He had accepted a position teaching music and French at Appleby College, a prestigious elite school for the sons of prominent politicians and families (a co-educational school since 1991), located in Oakville, Ontario. At the end of one year, feeling the school was too British for him, he decided that denominational employment had many advantages and opportunities not available in a secular public school. He accepted a position at Kingsway College, Oshawa, Canada, an Adventist junior college, where he directed the band and orchestra and taught piano lessons and French for the next seven years, from 1975 to 1982.
He played viola in the Kingsway Symphony, and in his quest for continued improvement as a performer and teacher, completed an ARCT with the Royal Conservatory of Toronto at the University of Toronto in piano performance and one in piano pedagogy, both with first class honors. He also studied piano in the summer of 1979 with Maria Luisa Faini at Eastman School of Music.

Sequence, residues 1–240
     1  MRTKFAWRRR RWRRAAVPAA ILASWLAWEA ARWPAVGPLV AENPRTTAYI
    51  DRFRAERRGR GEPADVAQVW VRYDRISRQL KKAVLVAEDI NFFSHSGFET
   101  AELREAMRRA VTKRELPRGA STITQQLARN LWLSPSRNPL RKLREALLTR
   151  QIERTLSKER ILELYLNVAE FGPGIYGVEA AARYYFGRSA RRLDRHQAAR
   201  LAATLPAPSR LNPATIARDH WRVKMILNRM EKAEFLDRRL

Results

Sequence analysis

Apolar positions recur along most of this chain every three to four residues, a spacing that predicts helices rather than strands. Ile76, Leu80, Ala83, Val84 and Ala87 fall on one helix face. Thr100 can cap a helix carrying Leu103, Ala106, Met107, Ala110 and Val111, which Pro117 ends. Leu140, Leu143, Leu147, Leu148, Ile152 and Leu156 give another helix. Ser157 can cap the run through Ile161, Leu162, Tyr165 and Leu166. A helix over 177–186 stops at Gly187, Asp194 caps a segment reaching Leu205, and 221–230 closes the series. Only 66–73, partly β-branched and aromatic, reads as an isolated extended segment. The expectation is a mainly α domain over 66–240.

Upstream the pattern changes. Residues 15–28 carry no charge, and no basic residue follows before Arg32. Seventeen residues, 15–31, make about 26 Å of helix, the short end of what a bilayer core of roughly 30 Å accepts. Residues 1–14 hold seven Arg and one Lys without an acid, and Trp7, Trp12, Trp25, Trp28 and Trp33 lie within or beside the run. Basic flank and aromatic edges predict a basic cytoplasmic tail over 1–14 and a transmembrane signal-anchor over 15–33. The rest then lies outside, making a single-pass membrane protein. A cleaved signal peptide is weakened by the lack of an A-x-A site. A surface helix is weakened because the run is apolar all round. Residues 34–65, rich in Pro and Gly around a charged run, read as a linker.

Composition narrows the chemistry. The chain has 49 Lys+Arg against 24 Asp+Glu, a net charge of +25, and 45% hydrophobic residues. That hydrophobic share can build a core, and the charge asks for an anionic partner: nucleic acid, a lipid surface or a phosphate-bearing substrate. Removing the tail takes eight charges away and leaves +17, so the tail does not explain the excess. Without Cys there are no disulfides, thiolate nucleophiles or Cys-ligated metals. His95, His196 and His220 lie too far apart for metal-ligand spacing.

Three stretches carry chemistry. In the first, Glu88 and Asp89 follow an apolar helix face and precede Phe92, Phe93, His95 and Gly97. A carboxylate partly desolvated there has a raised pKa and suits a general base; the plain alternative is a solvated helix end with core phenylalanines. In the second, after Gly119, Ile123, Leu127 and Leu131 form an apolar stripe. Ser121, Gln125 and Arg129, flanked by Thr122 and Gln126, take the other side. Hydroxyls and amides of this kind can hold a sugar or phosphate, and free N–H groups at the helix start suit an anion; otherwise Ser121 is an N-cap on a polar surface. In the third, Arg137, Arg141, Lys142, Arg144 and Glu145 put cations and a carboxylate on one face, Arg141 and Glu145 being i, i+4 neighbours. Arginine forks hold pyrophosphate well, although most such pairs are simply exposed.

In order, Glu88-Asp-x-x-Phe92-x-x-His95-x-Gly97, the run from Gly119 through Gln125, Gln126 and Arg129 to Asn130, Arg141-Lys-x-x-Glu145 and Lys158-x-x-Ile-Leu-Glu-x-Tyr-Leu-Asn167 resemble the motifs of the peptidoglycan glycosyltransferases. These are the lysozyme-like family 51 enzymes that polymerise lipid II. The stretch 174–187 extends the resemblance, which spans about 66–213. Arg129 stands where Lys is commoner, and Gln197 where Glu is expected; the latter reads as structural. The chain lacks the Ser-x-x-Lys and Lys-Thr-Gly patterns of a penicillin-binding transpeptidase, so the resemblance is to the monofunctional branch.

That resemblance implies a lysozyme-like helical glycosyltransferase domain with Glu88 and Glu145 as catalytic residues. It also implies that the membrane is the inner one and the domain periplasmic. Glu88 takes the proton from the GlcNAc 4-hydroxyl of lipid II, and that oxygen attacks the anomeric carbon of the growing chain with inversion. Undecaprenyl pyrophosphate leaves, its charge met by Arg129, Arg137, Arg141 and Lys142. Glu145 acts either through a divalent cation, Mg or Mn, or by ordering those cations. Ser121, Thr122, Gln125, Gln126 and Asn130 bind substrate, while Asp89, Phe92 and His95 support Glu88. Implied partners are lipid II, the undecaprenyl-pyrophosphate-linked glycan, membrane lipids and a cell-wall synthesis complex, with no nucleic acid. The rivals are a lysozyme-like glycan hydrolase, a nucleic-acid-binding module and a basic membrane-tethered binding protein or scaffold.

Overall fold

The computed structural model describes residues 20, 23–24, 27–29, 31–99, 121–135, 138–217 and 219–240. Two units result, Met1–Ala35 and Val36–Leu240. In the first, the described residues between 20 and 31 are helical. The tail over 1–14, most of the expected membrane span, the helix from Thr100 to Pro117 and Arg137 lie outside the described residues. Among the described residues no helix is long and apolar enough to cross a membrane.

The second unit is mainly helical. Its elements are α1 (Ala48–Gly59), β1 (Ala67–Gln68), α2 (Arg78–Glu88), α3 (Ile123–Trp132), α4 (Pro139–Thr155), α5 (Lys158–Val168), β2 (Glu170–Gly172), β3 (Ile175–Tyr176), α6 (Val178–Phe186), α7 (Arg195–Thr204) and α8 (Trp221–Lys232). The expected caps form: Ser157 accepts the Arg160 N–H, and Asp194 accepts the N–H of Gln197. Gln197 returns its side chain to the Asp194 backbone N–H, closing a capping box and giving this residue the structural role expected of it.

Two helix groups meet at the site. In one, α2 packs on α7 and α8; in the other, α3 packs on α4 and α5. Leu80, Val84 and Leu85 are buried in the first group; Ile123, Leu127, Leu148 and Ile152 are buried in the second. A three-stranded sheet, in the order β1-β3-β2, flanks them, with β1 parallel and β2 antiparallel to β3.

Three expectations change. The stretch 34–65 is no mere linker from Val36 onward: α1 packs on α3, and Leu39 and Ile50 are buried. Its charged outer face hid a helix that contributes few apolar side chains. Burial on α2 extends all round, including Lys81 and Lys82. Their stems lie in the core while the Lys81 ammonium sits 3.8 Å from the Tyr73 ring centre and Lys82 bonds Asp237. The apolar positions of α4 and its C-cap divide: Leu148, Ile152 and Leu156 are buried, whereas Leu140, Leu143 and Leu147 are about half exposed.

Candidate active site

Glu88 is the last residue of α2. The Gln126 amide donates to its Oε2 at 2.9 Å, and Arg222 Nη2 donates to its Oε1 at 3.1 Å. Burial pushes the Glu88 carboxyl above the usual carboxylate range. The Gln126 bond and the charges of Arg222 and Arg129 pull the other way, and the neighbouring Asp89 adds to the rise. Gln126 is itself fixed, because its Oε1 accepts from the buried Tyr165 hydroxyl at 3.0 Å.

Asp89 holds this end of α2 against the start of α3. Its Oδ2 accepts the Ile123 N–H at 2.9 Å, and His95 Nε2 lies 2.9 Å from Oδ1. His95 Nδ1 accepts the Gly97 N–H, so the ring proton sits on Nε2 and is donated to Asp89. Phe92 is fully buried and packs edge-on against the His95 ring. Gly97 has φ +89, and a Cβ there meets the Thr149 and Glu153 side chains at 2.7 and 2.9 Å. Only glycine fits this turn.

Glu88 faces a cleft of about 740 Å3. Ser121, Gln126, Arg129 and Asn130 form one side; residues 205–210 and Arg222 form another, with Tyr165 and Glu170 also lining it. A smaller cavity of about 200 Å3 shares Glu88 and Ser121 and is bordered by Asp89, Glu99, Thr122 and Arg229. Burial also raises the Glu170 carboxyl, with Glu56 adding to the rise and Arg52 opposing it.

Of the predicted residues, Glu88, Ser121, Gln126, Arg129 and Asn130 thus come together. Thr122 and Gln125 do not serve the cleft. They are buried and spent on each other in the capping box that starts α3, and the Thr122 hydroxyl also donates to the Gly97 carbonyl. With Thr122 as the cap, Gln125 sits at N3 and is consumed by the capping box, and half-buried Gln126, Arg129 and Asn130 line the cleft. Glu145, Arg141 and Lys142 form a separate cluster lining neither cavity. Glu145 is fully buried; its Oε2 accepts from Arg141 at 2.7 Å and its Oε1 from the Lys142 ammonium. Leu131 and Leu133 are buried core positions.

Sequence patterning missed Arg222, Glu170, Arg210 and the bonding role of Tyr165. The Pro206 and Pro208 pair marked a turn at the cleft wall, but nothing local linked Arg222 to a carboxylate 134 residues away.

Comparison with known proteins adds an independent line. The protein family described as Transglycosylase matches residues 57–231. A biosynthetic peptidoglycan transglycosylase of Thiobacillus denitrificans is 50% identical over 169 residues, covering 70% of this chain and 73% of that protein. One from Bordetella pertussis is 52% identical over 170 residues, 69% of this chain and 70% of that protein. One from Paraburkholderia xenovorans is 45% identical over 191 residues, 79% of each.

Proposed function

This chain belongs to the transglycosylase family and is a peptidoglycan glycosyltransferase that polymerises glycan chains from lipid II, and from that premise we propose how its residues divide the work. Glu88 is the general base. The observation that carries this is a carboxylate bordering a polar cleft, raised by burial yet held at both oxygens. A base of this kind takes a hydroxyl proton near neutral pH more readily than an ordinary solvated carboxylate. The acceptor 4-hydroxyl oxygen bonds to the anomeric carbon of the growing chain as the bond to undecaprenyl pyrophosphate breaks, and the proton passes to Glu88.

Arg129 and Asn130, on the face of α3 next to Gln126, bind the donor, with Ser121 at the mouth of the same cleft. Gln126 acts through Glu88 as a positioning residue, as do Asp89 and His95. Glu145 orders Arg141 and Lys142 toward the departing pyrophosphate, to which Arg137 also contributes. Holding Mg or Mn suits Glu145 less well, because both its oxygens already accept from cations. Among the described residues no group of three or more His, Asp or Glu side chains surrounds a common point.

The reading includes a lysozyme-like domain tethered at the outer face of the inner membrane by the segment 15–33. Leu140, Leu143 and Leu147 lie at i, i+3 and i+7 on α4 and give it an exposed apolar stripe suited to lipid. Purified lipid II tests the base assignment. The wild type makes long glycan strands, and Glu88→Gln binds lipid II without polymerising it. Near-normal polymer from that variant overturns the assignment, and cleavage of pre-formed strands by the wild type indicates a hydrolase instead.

While living in that region of Canada, his interest in French led him to study and master the dialectal differences between traditional French and that spoken in nearby Quebec. He was able to switch easily between the two forms of the language. During this time his brother surprised him with a visit that coincided with a Kingsway Symphony concert that featured Leslie as piano soloist. Ted recalls,
I was at a meeting in Chicago and thought I would surprise him, knowing he had a concert in Oshawa. It was an all-Gershwin night, and he played Rhapsody in Blue in the first half and accompanied a chorus doing a fair amount of Porgy and Bess in the second half. He was totally unaware that I was in the audience.
I found the concert to be very enjoyable and went up afterwards to where he was signing programs to get his autograph. He looked up at me and just blanched. "What are you doing here? If I had known you were out there, I would have been nervous!"
I spent several days in Oshawa with him and saw where he was teaching and eavesdropped on some of his classes. It was the only time I was able to observe him as a teacher and came away from that visit impressed with his ability to teach and relate to these high school kids.